10 Oldest Written Languages in The World (Updated 2021)

Humans have been keeping records for several millennia as evidenced by some of the oldest cave paintings in the world and other ancient artifacts. However, the first true writing systems emerged with the first modern civilizations over 5,000 years ago.

These early writing systems influenced later written scripts. Some modern written languages can even trace their roots all the way back to these early texts.

Most of the written languages on this list have been deciphered, while others are still largely a mystery. 

Please note that we chose to exclude any proto-writing systems or supposed writing systems that have been called into question and may not even be true written languages, like the Indus script or the Vinča symbols.

While these symbols date to much earlier than the written languages on this list, no one knows for sure if these actually represented any form of structural writing, so they have been omitted.

10. Oracle Bone Script

Year Created or Date of Earliest Known Text: c.1250 (but most likely much earlier)
Used By (Languages): Archaic Chinese
Time Period: Bronze Age China
Type: Logographic
Direction: Top to bottom

Oracle Bone Scriptphoto source: Wikimedia Commons via BabelStone

The oracle bone script is one of the oldest writing systems that is directly related to a modern written language. Dating back to around 1250 BCE — but most likely was first used much earlier — oracle bone script represented Archaic Chinese, which is the oldest attested stage of the Chinese language.

As its name suggests, oracle bone script is found on oracle bones (animal bones or turtle plastrons used in divination). Most of the known examples of oracle bone script were discovered at the Yinxu archaeological site (modern-day Anyang, Henan Province).

The texts are pyromantic divinations from the last nine kings of the Shang Dynasty. By around the 1st millennium BCE, oracle bone script became less common.

Did You Know?

While oracle bone script is the earliest known form of Chinese writing, historians believe that there was a writing system before oracle bone script because its a well-developed system. However, no texts from before the Shang Dynasty have been found.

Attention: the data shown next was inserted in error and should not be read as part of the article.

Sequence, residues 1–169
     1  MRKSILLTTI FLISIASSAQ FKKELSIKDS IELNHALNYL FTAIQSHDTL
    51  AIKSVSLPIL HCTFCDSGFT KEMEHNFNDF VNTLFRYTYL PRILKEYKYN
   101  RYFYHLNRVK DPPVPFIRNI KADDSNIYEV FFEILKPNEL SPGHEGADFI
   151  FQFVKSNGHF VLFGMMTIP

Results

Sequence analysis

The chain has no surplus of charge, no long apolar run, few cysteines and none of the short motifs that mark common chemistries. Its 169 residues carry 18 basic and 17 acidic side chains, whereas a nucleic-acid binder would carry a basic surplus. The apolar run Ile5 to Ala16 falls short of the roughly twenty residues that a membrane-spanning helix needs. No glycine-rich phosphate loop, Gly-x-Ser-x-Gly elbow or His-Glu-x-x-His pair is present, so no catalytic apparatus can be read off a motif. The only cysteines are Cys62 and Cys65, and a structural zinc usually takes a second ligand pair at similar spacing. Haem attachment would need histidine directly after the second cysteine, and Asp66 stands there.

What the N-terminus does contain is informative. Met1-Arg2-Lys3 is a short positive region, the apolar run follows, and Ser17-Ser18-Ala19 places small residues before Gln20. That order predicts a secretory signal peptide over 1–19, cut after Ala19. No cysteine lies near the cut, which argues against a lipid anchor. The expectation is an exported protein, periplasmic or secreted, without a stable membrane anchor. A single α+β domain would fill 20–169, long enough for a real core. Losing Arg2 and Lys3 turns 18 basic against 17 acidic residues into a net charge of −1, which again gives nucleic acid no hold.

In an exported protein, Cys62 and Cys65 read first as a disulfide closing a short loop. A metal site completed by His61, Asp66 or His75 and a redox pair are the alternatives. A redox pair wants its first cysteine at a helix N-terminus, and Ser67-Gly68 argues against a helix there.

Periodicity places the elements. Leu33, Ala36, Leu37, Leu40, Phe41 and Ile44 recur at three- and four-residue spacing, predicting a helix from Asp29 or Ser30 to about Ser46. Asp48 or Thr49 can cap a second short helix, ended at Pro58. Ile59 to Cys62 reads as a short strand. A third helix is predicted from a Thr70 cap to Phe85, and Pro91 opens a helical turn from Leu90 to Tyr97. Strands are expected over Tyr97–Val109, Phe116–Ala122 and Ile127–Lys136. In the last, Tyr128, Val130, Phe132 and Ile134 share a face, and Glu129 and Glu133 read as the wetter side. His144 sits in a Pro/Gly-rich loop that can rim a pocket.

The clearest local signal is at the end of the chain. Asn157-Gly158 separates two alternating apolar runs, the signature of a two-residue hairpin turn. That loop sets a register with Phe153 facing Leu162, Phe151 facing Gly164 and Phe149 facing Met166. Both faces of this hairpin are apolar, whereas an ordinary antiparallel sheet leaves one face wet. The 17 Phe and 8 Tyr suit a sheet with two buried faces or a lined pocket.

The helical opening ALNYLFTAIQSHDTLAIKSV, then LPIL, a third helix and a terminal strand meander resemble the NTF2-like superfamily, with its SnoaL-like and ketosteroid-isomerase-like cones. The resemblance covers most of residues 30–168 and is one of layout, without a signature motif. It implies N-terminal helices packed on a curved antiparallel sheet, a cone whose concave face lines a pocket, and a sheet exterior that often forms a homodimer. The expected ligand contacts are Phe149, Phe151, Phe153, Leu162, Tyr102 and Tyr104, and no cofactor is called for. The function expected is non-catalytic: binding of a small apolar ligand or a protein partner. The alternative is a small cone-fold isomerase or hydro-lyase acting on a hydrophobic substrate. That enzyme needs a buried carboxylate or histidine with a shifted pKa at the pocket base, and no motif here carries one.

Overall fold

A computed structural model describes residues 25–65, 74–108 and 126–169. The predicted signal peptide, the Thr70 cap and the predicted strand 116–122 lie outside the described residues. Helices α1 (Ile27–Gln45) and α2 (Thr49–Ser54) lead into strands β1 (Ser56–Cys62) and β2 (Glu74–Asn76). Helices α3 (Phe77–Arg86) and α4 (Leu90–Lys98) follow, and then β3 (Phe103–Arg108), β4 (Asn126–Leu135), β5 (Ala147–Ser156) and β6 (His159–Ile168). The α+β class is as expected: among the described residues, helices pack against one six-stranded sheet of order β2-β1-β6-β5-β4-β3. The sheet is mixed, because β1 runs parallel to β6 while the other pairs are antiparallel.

9. Luwian Hieroglyphs

Year Created or Date of Earliest Known Text: c.1400 BCE
Used By (Languages): Luwian
Time Period: c.1400 BCE to 700 BCE
Type: Logographic
Direction: Variable

Luwian Hieroglyphsphoto source: Wikimedia Commons via Osama Shukir Muhammed Amin FRCP(Glasg)

Luwian hieroglyphs were used in Bronze Age Anatolia (modern-day Turkey) and was related to the Hittite language and script. While Hittite was based on Akkadian cuneiform, Luwian was an indigenous writing system developed for the Luwian language.

When it was first discovered, Hieroglyphic Luwian was called Hieroglyphic Hittite because the first tablets were found in the archives of the Hittitle capital of Hattusa (modern Boğazköy).

After the tablets were deciphered, it was determined that the script represented Luwian and not Hittite.

The Luwians were part of a separate kingdom that neighbored the Hittite Empire. The Hittites used both their own cuneiform as well as the Luwian hieroglyphs.

Did You Know?

After the fall of the Hittite Empire, no evidence of Luwian existed for two hundred years, but Luwian hieroglyphs were revived and used by the rulers of Neo-Hittite city-states in southern Anatolia and what is now northern Syria.


8. Linear B

Year Created or Date of Earliest Known Text: c.1500 BCE
Used By (Languages): Mycenaean Greeks
Time Period: c.1500 to 1200 BCE
Type: Syllabic
Direction: Variable

Linear Bphoto source: Wikimedia Commons via vintagedept

Linear B is one of the oldest surviving Greek writing systems and was used by the Mycenaean Greeks from 1500 to 1200 BCE. Although Linear B tablets were discovered in the early 20th century, the texts were not deciphered until the early 1950s.

Michael Ventris, an architect interested in linguistics, and John Chadwork discovered that Linear B represented an archaic Greek language.

Many common Greek sounds are missing from the Linear B, but modern scholars eventually worked out how the writing system worked by studying later Greek dialects. They discovered that instead of using different symbols for each sound, similar sounds were represented by one symbol.

Did You Know?

The known Linear B tablets are mostly just old accounting records of lists of materials and goods.


7. Hittite Cuneiform

Year Created or Date of Earliest Known Text: c.1700 BCE
Used By (Languages): Hittites
Time Period: c.1700 to 1100 BCE
Type: Logophoentic
Direction: Variable

Hittite Cuneiformphoto source: Wikimedia Commons via Mr. Granger

Hittite cuneiform was used by the Hittites who lived in ancient Anatolia (part of modern-day Turkey). Like several peoples before them, the Hittites adopted Akkadian cuneiform, who borrowed the cuneiform writing system from the Sumerians. The Hittites borrowed about 375 signs from Akkadian cuneiform.

The Hittite Empire lasted until the 12th century BCE and Hittite cuneiform went extinct when the empire did. The descendants of the Hittite aristocracy stopped using Hittite cuneiform, and used the related Luwian hieroglyphs instead.

Did You Know?

The study of Hittite cuneiform and the closely related Luwian language helped modern linguists understand Proto-Indo-European, the supposed mother tongue of all Indo-European languages.


6. Linear A

Year Created or Date of Earliest Known Text: c.1800 BCE
Used By (Languages): Minoans (people of Crete)
Time Period: c.1800 to 1400 BCE
Type: Undeciphered, believed to be ideographic and syllabic
Direction: Variable

Linear Aphoto source: Wikimedia Commons via Zde

Linear A is one of two undeciphered writing systems used by the Minoans of Crete from 1800 to 1400 BCE. Along with Cretan hieroglyphs, Linear A is one of the first European writing systems.

Since not much is known about either Linear A or Cretan hieroglyphs, they could have been part of the same writing system even though the scripts look very different.